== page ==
§ Lynne Jones
To ask the Chancellor of the Exchequer what his estimate is of further savings that will be made if the rules of public service pension schemes are changed so that new members receive an unreduced pension from age 65. 
§ Ruth Kelly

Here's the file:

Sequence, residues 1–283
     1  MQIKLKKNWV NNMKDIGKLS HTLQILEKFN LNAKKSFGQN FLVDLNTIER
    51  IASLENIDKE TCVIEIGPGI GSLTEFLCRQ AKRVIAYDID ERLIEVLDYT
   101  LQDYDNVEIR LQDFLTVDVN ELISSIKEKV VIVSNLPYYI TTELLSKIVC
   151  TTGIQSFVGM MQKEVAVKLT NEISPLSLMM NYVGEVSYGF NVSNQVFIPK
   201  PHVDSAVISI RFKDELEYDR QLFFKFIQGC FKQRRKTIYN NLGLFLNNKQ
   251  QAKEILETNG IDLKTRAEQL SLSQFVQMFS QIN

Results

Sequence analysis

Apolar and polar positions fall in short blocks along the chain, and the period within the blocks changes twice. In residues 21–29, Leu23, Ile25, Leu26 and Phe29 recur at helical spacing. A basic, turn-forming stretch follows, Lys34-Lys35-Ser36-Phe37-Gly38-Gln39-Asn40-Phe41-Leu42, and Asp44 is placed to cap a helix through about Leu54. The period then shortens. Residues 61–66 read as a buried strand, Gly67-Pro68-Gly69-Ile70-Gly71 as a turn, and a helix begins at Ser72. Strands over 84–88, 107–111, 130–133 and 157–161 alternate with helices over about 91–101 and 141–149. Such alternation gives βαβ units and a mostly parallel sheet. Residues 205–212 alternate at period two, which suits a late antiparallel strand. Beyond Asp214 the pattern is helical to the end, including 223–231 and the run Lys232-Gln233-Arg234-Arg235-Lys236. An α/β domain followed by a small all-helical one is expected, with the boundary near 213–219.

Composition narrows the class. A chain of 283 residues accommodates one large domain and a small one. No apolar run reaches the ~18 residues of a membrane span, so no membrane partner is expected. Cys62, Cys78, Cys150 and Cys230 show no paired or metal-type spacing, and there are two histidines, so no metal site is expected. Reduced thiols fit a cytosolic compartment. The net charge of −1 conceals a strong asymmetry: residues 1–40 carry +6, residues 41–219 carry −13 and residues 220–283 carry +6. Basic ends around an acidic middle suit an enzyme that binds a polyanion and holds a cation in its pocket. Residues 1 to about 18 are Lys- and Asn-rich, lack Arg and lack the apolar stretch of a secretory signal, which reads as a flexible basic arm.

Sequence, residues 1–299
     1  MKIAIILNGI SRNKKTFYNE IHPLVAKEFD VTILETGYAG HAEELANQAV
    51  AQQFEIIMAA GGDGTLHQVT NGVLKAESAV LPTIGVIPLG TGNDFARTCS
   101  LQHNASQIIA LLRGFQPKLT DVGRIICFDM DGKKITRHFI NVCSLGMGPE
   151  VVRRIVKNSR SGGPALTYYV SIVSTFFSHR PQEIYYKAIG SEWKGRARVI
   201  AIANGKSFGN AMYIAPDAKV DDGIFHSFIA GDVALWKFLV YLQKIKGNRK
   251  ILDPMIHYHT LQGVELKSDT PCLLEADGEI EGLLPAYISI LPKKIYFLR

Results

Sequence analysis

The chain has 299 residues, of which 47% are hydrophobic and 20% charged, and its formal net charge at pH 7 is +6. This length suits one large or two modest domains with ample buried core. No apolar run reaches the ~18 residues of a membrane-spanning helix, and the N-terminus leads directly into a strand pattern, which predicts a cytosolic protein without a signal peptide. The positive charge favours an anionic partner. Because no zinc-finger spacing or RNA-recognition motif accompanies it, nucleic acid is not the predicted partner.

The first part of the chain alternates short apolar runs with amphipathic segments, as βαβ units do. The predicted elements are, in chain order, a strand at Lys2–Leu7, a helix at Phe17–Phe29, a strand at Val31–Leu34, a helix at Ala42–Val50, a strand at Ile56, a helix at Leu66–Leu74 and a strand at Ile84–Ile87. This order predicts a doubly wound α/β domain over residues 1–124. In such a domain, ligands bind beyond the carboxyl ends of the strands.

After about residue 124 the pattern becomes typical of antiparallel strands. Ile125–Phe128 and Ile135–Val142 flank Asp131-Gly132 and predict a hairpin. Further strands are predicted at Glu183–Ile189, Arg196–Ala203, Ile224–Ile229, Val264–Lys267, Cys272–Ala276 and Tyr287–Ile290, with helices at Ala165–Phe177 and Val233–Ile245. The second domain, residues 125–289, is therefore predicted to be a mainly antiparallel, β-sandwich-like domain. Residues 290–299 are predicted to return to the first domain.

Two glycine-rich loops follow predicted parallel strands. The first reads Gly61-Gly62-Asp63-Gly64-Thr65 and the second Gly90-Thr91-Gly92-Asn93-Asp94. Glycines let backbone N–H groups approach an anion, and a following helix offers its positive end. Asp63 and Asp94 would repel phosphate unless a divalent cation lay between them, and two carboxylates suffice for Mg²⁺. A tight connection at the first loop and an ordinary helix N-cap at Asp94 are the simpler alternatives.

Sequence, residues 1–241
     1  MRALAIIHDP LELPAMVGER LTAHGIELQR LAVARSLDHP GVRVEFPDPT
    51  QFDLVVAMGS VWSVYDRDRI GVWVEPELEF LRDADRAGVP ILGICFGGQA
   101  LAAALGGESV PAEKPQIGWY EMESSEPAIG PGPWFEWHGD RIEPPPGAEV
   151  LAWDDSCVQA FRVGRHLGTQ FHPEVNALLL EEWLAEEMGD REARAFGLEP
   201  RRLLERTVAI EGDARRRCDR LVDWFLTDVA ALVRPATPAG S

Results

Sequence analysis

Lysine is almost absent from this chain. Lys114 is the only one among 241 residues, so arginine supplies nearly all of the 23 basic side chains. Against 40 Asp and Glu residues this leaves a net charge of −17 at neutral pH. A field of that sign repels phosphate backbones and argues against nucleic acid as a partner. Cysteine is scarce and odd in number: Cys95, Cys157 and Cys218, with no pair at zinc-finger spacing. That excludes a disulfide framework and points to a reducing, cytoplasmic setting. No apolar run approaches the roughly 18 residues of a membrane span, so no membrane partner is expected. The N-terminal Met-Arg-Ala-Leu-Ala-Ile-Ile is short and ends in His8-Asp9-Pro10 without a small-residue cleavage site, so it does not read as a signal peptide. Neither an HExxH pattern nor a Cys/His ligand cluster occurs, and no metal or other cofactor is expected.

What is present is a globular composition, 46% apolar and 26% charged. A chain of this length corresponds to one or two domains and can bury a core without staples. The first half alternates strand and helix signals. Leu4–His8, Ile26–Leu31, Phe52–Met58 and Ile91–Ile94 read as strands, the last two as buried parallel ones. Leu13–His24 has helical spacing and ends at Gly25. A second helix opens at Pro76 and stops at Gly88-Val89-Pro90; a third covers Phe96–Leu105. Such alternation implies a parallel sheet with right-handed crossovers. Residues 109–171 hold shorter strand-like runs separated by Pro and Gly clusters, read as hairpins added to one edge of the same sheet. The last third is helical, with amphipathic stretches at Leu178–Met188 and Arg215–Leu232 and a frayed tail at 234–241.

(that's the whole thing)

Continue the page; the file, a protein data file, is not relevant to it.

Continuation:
As noted in Cm 5677, "Simplicity, security and choice: Working and saving for retirement", the Government envisages that the higher pension age might be introduced in most schemes as part of a package of changes to pension arrangements. This would allow for improvements to benefits which employers and staff value and have a positive impact on staff recruitment and retention, including greater flexibility in the transition from work to retirement, and help the financial sustainability of public service pension schemes. Also, while it is envisaged that the new pension packages will be introduced for new employees, the Government will also be consulting on how and to what timescale the higher pension age and any associated enhancement to benefits could be extended to existing employees while protecting rights already accrued. Against that background there are too many uncertainties to give estimates of any likely net costs or savings and these will only become available as proposals are worked up for individual public services after full consultation with staff representatives. The effects of increasing pension ages would also vary considerably from scheme to scheme and build up gradually over time.